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Darolutamide is approved for use concurrently with a gonadotropin releasing hormone (GnRH) antagonist or  bilateral orchiectomy in the treatment of non-metastatic castration -resistant prostate cancer (nmCRPC) in men. It is used at a dosage of 600 mg orally twice per day (1,200 mg/day total) with food. In individuals with severe renal impairment or moderate hepatic impairment, This is used at a dosage of 300 mg orally twice per day (600 mg/day total) with food. No dosage adjustment is needed for mild to moderate renal impairment or mild hepatic impairment, whereas appropriate dosage adjustment for end-stage kidney disease and severe hepatic impairment is unknown.

Two 2020 meta-analyses reported that enzalutamide and apalutamide seemed to be more effective than darolutamide in improving metastasis-free survival (MFS), however 2021 matched adjusted indirect comparison showed no significant differences between drugs in terms of MFS. According to the 2021 meta-analysis, An this was ranked first in terms of improving overall survival (OS). Also, darolutamide showed significantly lower rate of grade 3-5 adverse events (AE) compared to both enzalutamide and apalutamide.

Darolutamide has no contraindication in men. However, the medication may have teratogenic effects in male fetuses due to its antiandrogenic effects and hence should not be used by women who are pregnant.

Side effects

The most common side effects of darolutamide in clinical trials (≥2% incidence) in castrated men included fatigue and asthenia (16% vs. 11% for placebo), pain in extremities (6% vs. 3% for placebo), and rash (3% vs. 1% for placebo). Darolutamide was also associated with higher incidences of ischemic heart disease (4.0% vs. 3.4% for placebo) and heart failure (2.1% vs. 0.9% for placebo). In terms of laboratory test abnormalities, darolutamide was associated with decreased neutrophil count (20% vs. 9% for placebo), increased aspartate aminotransferase (AST) (23% vs. 14% for placebo; Grade 3–4: 0.5% vs. 0.2% for placebo), and increased bilirubin (16% vs. 7% for placebo). In the clinical studies, 88% of patients treated with darolutamide were 65 years or older.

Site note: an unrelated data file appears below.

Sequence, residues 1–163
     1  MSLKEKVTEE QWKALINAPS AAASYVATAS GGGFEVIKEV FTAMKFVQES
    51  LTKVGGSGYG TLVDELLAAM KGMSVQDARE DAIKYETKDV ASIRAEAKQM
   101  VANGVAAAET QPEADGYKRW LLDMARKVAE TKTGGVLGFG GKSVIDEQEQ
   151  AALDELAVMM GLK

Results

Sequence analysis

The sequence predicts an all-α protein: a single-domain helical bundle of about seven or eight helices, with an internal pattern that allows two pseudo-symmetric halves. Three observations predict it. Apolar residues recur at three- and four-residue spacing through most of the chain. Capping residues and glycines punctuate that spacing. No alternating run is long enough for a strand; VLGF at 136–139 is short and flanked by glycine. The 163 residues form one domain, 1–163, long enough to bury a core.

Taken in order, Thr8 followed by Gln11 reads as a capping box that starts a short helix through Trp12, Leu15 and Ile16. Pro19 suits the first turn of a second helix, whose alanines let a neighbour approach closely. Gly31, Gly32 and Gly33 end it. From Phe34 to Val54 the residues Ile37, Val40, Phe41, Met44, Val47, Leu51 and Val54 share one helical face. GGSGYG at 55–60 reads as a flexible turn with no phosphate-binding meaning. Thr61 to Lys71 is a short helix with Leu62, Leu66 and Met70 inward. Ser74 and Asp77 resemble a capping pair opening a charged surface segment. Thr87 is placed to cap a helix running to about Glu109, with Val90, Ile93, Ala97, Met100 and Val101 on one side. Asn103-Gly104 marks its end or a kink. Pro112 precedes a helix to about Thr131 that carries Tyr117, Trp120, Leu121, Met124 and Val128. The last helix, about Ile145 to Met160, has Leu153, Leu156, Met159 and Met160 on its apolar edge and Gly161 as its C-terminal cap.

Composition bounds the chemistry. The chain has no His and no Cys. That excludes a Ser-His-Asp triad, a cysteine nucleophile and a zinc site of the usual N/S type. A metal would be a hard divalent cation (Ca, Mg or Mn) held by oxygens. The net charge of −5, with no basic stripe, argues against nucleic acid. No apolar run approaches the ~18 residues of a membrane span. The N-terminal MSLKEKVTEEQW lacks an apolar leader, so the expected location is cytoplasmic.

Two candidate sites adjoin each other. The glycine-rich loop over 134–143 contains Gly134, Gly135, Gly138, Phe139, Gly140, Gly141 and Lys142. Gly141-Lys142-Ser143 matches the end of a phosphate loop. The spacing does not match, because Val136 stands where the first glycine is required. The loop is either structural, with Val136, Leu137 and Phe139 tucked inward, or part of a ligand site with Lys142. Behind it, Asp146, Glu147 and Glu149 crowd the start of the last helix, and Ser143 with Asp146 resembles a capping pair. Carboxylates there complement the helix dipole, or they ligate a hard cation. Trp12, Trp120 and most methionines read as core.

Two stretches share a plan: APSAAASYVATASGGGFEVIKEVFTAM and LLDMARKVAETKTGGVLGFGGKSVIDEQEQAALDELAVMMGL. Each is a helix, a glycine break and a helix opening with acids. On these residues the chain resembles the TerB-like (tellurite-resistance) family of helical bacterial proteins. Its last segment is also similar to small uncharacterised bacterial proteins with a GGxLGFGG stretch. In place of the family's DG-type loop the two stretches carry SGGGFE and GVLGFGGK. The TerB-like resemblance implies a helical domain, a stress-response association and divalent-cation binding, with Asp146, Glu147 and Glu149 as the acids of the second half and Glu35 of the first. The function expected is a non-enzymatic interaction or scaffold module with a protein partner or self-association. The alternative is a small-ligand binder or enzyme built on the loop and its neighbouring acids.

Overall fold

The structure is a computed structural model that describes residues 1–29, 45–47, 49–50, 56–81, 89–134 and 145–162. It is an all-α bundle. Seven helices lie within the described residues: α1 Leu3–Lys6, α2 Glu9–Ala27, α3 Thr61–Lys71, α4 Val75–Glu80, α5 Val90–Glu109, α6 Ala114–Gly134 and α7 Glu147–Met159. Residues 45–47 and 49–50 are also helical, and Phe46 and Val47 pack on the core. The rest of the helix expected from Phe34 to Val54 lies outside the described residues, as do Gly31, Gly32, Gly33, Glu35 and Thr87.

No seizures have been observed with darolutamide in clinical trials. Darolutamide is an expected teratogen and has a theoretical risk of birth defects in male infants if taken by women during pregnancy It may impair male fertility. When used as a monotherapy (i.e., without surgical or medical castration) in men, NSAAs are known to produce feminizing breast changes including breast tenderness and gynecomastia..

Darolutamide has been studied at a dosage of up to 1,800 mg/day in clinical trials. There were no dose-limiting toxicities seen at this dosage. Due to its saturable absorption and lack of acute toxicity, overdose of darolutamide is not expected to result in systemic toxicity in people with intact hepatic and renal function. There is no specific antidote for overdose of darolutamide. In the event of darolutamide overdose, if there is no toxicity, treatment can be continued as normal. If there is suspicion of toxicity, general supportive measures should be undertaken until clinical toxicity has decreased or resolved and then treatment may be continued


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